A constant flow of fresh water in walls and ceiling keeps the Berlin Philharmonie cool

The Berlin Philharmonie, concert hall of the Berlin Philharmoniker, from the outside

This is why the best orchestra musicians of the world always remain cool: Berlin’s most famous concert hall, the Berlin Philharmonie, has an environment-friendy, free-of-high-tech cooling system that saves 9,000 tons of carbon-emissions in a single year.

And this is how it works: The so-called district cooling system is the counterpart to district heating systems. Just like in district heating, the system delivers chilled water to buildings, running through walls and ceilings. The water comes from a main cooling centre just a few hundred meters away, where big cooling machines – the chillers – make the water 6 degrees Celsius (43 Fahrenheit).

The Berlin Philharmonie is part of a large underground network that connects and cools many big buildings in the Berlin Mitte area. There’s the Mall of Berlin, the Sony Center, the Nationalgalerie and the Staatsbibliothek – and 12,000 offices and 1,000 apartments more. With this innovative system, the Berlin county saves around 9,000 tons of carbon-emissions every year. This is a big step towards Berlin’s goals to prevent climate-change, according to the CEO of the leading carrier Vatenfall Wärme Berlin.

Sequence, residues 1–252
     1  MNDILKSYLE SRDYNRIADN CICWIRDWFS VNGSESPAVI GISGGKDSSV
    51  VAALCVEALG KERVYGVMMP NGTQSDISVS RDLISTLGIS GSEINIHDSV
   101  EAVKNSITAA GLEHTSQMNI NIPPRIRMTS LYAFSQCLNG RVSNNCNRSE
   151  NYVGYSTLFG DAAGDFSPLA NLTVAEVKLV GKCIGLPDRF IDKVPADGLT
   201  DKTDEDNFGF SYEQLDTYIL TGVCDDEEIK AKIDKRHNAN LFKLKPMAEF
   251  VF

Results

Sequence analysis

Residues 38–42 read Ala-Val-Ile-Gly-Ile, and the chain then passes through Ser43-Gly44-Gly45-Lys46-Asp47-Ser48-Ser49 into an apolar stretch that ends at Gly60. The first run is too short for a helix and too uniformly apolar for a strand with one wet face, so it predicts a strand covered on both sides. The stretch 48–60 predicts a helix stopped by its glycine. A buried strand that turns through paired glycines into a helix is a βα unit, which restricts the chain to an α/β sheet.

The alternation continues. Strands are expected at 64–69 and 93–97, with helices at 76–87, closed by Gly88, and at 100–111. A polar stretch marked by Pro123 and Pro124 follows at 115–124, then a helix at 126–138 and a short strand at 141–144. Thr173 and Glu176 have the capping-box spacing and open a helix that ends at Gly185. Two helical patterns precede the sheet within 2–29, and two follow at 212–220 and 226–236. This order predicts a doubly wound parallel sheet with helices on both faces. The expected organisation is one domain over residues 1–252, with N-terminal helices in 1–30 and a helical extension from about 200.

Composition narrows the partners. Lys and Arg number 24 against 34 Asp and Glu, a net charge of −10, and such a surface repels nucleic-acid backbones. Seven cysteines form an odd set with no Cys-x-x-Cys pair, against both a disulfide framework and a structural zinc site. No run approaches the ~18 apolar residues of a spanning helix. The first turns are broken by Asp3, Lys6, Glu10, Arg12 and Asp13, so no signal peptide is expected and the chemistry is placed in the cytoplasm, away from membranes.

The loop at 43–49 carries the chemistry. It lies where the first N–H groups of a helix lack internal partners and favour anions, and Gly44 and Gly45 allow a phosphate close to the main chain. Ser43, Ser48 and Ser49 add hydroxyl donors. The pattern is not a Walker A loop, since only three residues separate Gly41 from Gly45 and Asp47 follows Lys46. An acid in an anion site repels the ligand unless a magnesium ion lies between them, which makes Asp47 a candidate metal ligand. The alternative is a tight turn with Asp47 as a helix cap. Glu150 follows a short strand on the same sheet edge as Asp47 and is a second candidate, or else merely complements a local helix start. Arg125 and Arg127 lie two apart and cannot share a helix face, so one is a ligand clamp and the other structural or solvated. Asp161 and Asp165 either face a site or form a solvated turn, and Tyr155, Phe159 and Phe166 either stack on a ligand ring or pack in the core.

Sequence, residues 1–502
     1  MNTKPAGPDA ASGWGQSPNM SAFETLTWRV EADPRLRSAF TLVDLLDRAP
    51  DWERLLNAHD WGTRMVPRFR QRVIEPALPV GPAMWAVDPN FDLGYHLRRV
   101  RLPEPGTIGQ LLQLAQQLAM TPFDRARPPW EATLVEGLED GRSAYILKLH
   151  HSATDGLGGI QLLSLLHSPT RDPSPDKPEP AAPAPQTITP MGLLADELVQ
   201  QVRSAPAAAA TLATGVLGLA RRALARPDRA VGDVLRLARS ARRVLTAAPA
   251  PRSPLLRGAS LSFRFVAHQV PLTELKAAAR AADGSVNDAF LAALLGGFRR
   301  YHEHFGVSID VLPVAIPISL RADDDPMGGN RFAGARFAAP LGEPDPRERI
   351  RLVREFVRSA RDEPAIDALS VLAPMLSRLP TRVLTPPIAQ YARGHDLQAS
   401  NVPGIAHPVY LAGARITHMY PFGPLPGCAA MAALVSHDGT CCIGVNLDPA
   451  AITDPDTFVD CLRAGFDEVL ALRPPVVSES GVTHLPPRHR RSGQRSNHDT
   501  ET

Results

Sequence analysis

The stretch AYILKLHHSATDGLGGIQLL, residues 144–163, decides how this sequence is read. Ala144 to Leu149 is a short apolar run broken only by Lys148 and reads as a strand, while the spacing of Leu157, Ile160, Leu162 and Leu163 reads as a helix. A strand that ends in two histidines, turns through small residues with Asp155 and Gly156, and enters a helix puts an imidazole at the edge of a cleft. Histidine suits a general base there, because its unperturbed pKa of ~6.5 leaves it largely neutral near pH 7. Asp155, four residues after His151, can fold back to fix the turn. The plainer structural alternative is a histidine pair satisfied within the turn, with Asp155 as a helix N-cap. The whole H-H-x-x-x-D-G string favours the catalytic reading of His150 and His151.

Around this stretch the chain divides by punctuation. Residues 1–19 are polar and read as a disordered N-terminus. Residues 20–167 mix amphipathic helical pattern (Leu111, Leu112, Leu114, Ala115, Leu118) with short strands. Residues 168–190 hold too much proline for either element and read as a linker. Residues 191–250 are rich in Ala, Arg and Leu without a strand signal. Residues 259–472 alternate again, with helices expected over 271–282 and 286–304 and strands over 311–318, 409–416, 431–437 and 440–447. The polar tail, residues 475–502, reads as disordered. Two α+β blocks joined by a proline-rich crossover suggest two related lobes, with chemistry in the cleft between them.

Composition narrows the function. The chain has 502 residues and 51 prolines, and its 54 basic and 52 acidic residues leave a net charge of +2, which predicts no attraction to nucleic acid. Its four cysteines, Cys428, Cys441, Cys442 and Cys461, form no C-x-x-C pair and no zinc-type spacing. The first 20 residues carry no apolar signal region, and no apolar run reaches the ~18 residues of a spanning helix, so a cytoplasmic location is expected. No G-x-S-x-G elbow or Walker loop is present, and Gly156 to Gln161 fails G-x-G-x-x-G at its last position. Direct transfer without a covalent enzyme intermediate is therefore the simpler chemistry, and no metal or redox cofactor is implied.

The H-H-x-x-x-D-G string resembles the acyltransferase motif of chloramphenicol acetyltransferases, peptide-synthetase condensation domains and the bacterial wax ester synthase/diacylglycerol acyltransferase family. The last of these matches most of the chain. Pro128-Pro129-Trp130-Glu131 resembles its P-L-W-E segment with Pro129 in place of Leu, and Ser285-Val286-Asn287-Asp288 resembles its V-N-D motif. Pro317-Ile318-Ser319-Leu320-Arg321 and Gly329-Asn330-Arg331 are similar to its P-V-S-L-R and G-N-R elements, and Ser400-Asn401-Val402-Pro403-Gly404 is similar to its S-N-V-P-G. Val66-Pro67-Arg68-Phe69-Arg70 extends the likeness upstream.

In an article by German newspaper Süddeutsche Zeitung, the author also mentiones other good examples of big cooling-networks. For instance, the Paris city centre is connected by district cooling since the 1990s. The city of Munich builds up such a system as well. In the last years, the city installed 24 kilometers of vessels – and there’s still more to come.

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